Originally published in the Alameda Sun.
Huntington Beach photo gallery
Least Tern Preserve with lifeguard tower in the background on the beach.
Cyclists on Huntington Beach Bike Trail on Memorial Day weekend 2015.
Huntington Beach Bike Trail at the bridge over the Talbert Channel.
Least tern on nest. Vegetation is not part of the nest.
Recording observations about the number of nests, eggs, and chicks.
Recording data in the nesting area.
Least terns on the beach.
Least tern male with fish in mating posture. On the beach outside of nesting area.
Talbert Channel, with Least Tern Preserve in background.
Huntington Beach, with Least Tern Preserve in background.
Santa Ana River. Newport Beach on the left, Huntington Beach on the right.
Side channel in Santa Ana River where the terns bath and hang ot.
Parking lot next to Least Tern Preserve. Bike trail runs between parking lot and tern preserve. Main beach area is to the right.
Sign on fence at Huntington Beach Least Tern Natural Preserve urging people to stay 15 feet away.
The 9.7-acre nesting area for the endangered California least terns at Alameda Point received a new layer of sand this year. Sixty dump truck loads of sand were delivered to the site on the old Navy airfield in March, paid for by the U.S. Fish & Wildlife Service (USFWS).
After the sand was moved into place, USFWS and volunteers set up a numbered cinderblock grid system used for recording behavior and also distributed chick shelters and oyster shells for the chicks to use as protection from the elements and predators.
On Sunday, April 13 a dozen volunteers showed up for the last work party prior to nesting. The task of the day was distributing oyster shells around the site, which provide a nominal amount of sun protection for chicks and, in theory, helps make it more difficult for avian predators like red-tailed hawks and peregrine falcons to spot the chicks amongst all the white shells.
From now until the end of the nesting season in mid-August, volunteers will be participating in another program called the Tern Watch Program. Participants monitor behavior and watch for predators from their vehicles outside the nesting area.
Throughout the nesting season a USFWS biologist makes periodic walks through the site and places numbered plaster markers next to nests so that the number of eggs and success rates can be accurately recorded. If there are three eggs in a nest one week, for example, and one egg the next week with no chicks, it’s an indication that predators have grabbed the eggs.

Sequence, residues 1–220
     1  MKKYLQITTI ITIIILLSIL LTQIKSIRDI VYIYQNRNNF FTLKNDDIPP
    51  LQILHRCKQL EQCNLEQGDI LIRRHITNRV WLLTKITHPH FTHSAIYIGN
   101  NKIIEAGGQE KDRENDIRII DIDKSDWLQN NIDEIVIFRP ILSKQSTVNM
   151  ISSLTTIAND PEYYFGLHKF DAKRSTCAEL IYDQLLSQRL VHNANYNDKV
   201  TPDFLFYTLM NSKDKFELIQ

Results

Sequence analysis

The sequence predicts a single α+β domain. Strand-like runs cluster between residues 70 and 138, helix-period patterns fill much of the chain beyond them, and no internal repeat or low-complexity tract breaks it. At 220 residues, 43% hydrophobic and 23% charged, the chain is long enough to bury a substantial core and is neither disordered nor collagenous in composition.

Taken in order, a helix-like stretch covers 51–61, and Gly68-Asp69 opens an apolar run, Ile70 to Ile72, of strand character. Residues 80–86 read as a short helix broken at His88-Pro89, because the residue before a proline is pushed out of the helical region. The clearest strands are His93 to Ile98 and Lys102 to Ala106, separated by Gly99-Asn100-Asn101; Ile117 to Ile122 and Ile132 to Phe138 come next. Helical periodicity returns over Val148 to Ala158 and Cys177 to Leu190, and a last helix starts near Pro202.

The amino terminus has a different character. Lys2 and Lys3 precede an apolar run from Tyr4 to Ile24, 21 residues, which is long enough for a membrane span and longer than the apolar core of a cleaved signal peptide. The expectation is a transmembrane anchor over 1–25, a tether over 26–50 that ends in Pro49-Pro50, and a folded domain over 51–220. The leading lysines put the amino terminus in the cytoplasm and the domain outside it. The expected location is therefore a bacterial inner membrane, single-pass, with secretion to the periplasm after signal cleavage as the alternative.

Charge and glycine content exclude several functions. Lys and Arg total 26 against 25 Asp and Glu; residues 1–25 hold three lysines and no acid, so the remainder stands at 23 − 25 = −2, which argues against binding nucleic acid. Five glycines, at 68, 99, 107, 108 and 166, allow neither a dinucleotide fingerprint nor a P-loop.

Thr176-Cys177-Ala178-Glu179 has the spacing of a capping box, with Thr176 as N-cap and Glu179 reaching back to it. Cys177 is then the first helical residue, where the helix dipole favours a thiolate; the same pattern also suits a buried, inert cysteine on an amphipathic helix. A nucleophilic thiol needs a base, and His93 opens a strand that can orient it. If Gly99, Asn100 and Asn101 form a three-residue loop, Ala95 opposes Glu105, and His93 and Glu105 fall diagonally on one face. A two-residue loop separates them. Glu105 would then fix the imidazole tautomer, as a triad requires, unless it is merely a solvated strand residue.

Each year following the end of the nesting season in August, volunteers at monthly work parties gather up the oyster shells, the wooden A-frames, drain tiles, grid markers, and the hundreds of numbered markers used to identify nests. Clearing the site makes it easier to remove weeds and grade the sand, which can erode during rains. The volunteers pull weeds from inside and around the perimeter of the fenced-in site. The volunteer program during the non-nesting season is organized by the Golden Gate Audubon Society’s Friends of the Alameda Wildlife Reserve committee, in conjunction with the USFWS biologist in charge of the Alameda Point tern colony.
The effort to protect the least terns was begun by the Navy when nesting activities were first noticed in the 1980s. The likely reason for the terns choosing such an unlikely place to nest was the absence of people who might trample on the nests. The nesting site was chosen by the terns, not by the Navy or USFWS, and has been expanded to its current size as the colony expanded. The sandy substrate that approximates the traditional beach nesting habitat for terns is on top of old airfield pavement. Due to erosion caused by wind and rain, the sand has to be periodically replaced, as it was in 2009 and 2011.
Training sessions for this year’s Tern Watch Program will be held at the USFWS office at Alameda Point on April 26, April 30, May 28, and May 31. Volunteers do not have to be a bird expert, just be very interested in observing and reporting about them. Participants are required to attend one training session and commit to signing up for a minimum of three of the 3-hour shifts. Also required are binoculars, cell phone, and personal vehicle. Reservations for the training sessions can be made by calling Susan Euing at 510 521-9717 or by emailing email@example.com. Directions and registration materials will be sent by email.
The annual Return of the Terns bus tour to the nesting area will be held on June 14 this year. The tour departs from the Crab Cove Visitor Center in Alameda. Registration required through the East Bay Regional Park District’s website or at the visitor center.